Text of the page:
Attorney General Eric Holder disputed a Government Accountability Office report on his use of Justice Department airplanes for personal trips, saying it overstated the number of trips he took and failed to recognize that some trips were job-related.
“My staff keeps telling me to take it easy, you know, well, this is one that gets me,” Holder told Rep. Frank Wolf, R-Va., during a House Appropriations subcommittee hearing. “There was this notion that we’ve taken — I think it was described as hundreds of personal trips. That was wrong. GAO counted flights, not round trips. And we looked at it and figured out from the time period that they were looking, we took not hundreds, but 27 personal, four combined — official and nonpersonal trips — and none of the trips that I took or that the [FBI] director took ever had an impact on the mission capability of those airplanes.”
In late March, President Obama took a week-long trip through Europe which included a stop of less than 24 hours in Brussels, Belgium for meetings with the European Union and NATO. The president stayed at The Hotel, a twenty-seven story hotel in the center of the city. The estimated cost for the president’s stay, including about two weeks for an advance team, was $1,522,646.36.
‘Uncle Leland’: Political Ambition and Debt Put California Senator on a Collision Course with FBI in Five-Year Corruption StingPosted: April 4, 2014
The mobster, who claimed to hail from New Jersey, wanted millions of dollars worth of smuggled firearms: automatic weapons, “shoulder-fired” missiles. Yee, 65, a career politician whose square, earnest face was a fixture in Chinatown, and who was perennially seen stumping for stricter gun control laws in Sacramento, said he was confident he could help. For a fee, the Democrat indicated he could connect the mobster with a high-end arms dealer with contacts in Russia, the Ukraine, “Muslim countries.”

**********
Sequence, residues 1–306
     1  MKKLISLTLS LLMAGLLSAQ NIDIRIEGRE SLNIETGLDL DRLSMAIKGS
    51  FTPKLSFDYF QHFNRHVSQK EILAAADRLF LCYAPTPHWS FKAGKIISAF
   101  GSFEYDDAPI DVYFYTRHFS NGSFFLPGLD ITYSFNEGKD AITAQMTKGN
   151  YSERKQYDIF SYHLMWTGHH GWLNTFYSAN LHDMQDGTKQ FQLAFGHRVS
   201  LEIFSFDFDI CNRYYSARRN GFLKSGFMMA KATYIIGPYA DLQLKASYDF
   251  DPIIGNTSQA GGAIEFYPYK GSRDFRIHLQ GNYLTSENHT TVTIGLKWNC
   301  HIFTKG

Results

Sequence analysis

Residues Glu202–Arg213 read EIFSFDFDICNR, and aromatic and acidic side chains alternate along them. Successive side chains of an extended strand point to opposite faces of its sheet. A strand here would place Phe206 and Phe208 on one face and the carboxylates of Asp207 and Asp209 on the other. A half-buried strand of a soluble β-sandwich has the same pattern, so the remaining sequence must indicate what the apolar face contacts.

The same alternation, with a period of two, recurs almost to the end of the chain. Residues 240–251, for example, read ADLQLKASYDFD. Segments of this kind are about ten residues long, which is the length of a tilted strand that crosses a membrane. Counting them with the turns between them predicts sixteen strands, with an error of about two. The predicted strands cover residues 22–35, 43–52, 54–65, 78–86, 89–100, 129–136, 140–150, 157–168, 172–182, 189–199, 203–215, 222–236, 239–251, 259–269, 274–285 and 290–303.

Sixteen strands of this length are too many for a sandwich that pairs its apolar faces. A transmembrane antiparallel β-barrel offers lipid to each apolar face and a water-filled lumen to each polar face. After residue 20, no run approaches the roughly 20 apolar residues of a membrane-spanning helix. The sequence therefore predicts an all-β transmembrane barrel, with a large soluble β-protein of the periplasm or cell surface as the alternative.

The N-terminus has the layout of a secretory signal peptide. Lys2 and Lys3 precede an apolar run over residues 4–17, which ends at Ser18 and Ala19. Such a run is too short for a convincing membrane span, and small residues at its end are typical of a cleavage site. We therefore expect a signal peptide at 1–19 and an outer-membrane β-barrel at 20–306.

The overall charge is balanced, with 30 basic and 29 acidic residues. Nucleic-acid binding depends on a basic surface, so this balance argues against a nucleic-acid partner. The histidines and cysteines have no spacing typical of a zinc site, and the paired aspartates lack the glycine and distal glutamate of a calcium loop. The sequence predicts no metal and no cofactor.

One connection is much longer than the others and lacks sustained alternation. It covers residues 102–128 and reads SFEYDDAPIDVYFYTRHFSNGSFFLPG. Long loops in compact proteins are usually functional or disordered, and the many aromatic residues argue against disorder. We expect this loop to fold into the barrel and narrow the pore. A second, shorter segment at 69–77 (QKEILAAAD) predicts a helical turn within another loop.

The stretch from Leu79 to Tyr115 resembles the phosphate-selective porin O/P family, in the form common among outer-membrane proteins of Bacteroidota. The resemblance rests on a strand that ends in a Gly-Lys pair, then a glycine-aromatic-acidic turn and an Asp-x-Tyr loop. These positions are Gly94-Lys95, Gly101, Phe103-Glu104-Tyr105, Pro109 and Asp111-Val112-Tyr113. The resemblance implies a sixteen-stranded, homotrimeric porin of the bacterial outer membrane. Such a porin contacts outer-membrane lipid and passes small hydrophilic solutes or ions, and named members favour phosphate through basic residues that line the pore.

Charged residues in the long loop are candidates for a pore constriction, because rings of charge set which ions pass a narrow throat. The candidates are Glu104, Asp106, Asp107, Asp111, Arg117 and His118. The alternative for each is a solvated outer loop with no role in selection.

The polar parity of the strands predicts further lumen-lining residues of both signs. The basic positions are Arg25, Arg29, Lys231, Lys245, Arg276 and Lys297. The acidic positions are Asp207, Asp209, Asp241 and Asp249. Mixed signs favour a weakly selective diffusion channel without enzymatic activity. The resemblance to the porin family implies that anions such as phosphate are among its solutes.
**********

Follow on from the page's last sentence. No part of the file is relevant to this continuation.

“Do I think we can make some money? I think we can make some money,” Yee said. But the transaction was not for the “faint of heart,” he warned: The last time Yee had dealt with an arms dealer, they were in the Philippines, and Yee was surrounded by bodyguards with machine guns.
KABUL, Afghanistan (AP) — An Afghan police commander opened fire Friday on two Associated Press journalists inside a security forces base in eastern Afghanistan, killing prize-winning photographer Anja Niedringhaus and wounding veteran correspondent Kathy Gannon.
“Anja was a vibrant, dynamic journalist well-loved for her insightful photographs, her warm heart and joy for life. We are heartbroken at her loss.”
— AP Executive Editor Kathleen Carroll
Niedringhaus, 48, who had covered conflict zones from the Balkans in the 1990s to Iraq, Libya and Afghanistan and was part of a team of AP photographers who won the Pulitzer Prize in 2005, died instantly of her wounds.
Gannon, who for many years was the news organization’s Afghanistan bureau chief and currently is a special correspondent for the region, was shot three times in the wrists and shoulder. After surgery, she was in stable condition and spoke to medical personnel before being flown to Kabul. Read the rest of this entry »
Don’t let Peter Baker‘s pretentious, dreadful first sentence in this NYT article dissuade you (enjoy it, I know I did, ever so frostily) it’s a good subject. Former President Bush is a fine amateur painter!